Queuing up outside the 100 Club for Paul McCartney.
Dreaming of seeing Paul McCartney perform a mere three steps away from me. Not in a million years did I think this dream would actually become true only two days later. I was logging onto the Ticketmaster website on 15 December at 11 a.m. and my only thought was ‘Why am I doing this anyway? It’s nerve wrecking and I will never ever be so lucky to get tickets.’ And at first it seemed that I was right because my first eight or so attempts did indeed fail. On the verge of giving up I decided to give it one more try before getting on with my work. And then it happened! It was like being struck by lightning. I got in and I was in the process of purchasing tickets. Just couldn’t believe my luck. This is what it must feel like when winning the lottery. I will spare you the details of the awful process of actually securing the tickets, but I tell you it was all as if I was in a dream. When I had finally completed the process I realised that I had to tell Guus, who had also been trying to get tickets, and just sent me an email which read: disaster, can’t get through, not even by phone. I called him up and I heard myself say with a shaky voice: ‘I believe I just got us two tickets.’
What happened next is that we had to organise all sorts of things like booking a trip to the other side of the Channel, where to stay the night, and so on. On Thursday morning at 10 a.m. we were on our way towards Calais because we had decided to drive and go through the Channel Tunnel to London. We arrived at 3 p.m at our B&B in Chelsfield, just outside London. There we decided to take train and tube to the centre of London and check out the 100 Club and if anything was going on at the moment. When we arrived there (it was cold and rainy) we could simply go inside and walk down the stairs (which reminded me of the Cavern of course). We came to a door that was closed but we knocked and a security guy came out and spoke to us. They were building up equipment, he was actually very kind and told us Macca would be on stage the next day at about 2 p.m. and that we have’d to stand in line in Oxford Street, that our credit cards would get swiped and we would get wristbands and so on. Then one of Paul’s crew came out and he told us to leave. I don’t think Paul or the band were there at the moment, but I would have loved to have a peek inside to see what was happening.
Next morning we arrived back at the 100 Club somewhere between 10 and 10.15 and people were already queuing up. So did we and that was the start of a very cold couple of hours. But we didn’t mind, it would all be worth it, although we still found it hard to believe we were actually there! A lot of camera and TV crews showed up and interviewed people standing in line. Checking our print out of the confirmation email, ID and credit card with which we had bought the tickets and sweeping of the cards started at 11.45, then suddenly things went fast. We were let in at about 12.15-12.30 and went straight up to the stage on the right where the piano was (of course the people who’d come in first people stood in front of the stage right before the spot where Paul would be standing). But we were so close to the piano that I could touch it. What struck me was that cameras were allowed. (‘Where are the times we could ban cameras’, Paul later remarked). People weren’t even checked for recording equipment or whatever.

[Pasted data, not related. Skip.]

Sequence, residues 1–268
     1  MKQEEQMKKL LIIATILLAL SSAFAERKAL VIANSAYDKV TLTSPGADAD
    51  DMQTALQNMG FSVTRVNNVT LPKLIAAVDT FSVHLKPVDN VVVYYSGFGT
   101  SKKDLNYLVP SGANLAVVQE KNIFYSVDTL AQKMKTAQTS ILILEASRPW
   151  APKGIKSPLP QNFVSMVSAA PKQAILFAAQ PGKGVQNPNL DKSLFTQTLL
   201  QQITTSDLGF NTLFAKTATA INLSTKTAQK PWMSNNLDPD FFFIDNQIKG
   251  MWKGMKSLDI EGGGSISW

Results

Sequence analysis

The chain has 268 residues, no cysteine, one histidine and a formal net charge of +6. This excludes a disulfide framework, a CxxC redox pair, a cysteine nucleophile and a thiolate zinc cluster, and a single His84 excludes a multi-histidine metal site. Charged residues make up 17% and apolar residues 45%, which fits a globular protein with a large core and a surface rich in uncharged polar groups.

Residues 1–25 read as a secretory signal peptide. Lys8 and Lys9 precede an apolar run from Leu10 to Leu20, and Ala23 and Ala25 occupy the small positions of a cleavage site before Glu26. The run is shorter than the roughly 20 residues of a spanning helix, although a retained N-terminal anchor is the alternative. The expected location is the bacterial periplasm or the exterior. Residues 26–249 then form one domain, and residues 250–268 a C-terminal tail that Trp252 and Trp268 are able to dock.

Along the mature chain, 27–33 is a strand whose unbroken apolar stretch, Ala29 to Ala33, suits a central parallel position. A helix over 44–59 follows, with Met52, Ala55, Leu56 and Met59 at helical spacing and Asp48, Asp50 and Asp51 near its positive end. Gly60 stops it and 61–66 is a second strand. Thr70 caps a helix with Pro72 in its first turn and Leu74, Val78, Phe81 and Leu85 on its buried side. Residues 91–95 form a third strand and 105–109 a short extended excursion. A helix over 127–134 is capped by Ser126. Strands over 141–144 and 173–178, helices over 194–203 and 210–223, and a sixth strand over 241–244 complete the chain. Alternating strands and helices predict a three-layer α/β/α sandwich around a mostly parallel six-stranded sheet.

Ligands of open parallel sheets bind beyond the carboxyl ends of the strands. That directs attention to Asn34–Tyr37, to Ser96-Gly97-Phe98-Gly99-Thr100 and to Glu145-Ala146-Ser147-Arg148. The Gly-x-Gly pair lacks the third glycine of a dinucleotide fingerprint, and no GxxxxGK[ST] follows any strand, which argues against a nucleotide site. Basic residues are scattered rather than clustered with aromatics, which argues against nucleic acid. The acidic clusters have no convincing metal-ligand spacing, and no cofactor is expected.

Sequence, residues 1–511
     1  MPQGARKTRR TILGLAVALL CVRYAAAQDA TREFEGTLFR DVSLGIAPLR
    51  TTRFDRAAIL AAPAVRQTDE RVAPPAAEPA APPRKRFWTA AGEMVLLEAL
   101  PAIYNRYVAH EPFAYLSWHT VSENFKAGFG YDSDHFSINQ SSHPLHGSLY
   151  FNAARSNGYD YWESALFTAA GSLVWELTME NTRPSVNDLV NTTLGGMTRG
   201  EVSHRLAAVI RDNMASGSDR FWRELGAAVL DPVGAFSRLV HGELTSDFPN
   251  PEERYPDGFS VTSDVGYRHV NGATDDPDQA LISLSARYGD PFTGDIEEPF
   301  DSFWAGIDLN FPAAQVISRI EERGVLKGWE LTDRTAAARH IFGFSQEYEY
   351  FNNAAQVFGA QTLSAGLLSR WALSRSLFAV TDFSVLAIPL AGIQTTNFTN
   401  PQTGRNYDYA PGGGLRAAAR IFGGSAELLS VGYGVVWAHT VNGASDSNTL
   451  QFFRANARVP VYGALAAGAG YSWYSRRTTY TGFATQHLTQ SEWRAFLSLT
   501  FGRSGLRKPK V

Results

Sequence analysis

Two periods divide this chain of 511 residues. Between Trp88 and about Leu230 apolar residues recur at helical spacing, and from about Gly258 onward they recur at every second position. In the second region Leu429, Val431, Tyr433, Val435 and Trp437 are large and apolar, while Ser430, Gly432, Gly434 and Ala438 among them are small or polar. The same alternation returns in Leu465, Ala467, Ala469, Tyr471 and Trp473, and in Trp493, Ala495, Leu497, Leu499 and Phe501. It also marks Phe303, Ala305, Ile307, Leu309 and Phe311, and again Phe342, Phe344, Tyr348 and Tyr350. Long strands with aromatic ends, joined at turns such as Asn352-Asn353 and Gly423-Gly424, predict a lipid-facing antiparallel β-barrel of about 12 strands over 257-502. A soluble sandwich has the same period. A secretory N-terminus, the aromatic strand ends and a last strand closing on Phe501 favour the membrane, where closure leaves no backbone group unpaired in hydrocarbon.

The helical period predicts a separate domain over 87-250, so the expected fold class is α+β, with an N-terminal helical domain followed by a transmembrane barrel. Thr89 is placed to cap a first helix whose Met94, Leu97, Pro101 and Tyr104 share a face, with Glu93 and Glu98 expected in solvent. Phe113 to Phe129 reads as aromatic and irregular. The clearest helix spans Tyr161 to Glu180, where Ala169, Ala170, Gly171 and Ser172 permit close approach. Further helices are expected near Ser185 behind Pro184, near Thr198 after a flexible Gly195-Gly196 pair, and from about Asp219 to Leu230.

So we were in and thought we had to wait another 90 minutes or so, but at 1 p.m. things started to change. Roadies were getting ready with guitar in hand and so on. And because John Hammel also appeared, we knew it wouldn’t be long now! And yes, there he was, just after 1 p.m. Paul climbed the stage, joked about ‘getting stuck in traffic’ and kicked off the show with ‘Matchbox’. And we knew he was going to play the piano so we waited until we could take pics from him closeby. He was so close during those ‘piano parts’, we could actually see the sweat dripping off his nose!!! And he noticed us too. I was wearing a ‘Liverpool City’ T-shirt which seemed to intrigue him quite a bit and Guus was wearing his LIPA Oratorio sweat shirt. When he announced ‘Don't Let The Sun Catch You Crying’ he even spoke to us: when he was saying he'd do ‘something else’ now Guus confirmed that with a 'thumbs up' and a 'yes', and he responded to that. Of course, every time he looked at us we forgot to take pictures, so there's no pics of him looking straight into the camera. The show was absolutely incredible. And I was so amazed to stand right in front of him. We fully enjoyed ‘I'm Looking Through You’, ‘And I Love Her’, ‘Calico Skies’ and ‘Don't Let The Sun Catch You Crying’. The show lasted for almost 2 hours. You can watch a lot of the setlist on YouTube (see our report on the ‘news’ section).
At 3 p.m. we were standing outside again, had a drink and then went off to the station, train, car and on our way to Folkestone again. Fortunately, all radio reports about snow, ice and traffic jams didn’t affect us. We left Chelsfield at 5.30 p.m. and arrived in Utrecht (my hometown) at about 1.15 a.m.
Queuing up outside the 100 Club for Paul in the freezing cold, driving through the Netherlands, Belgium, France and the UK, using, buses, cars, trains. It was all worth it and I’d do it again tomorrow if I had the chance. Thanks Paul for a great show!
It was the craziest and most memorable 48 hours I’ve ever experienced.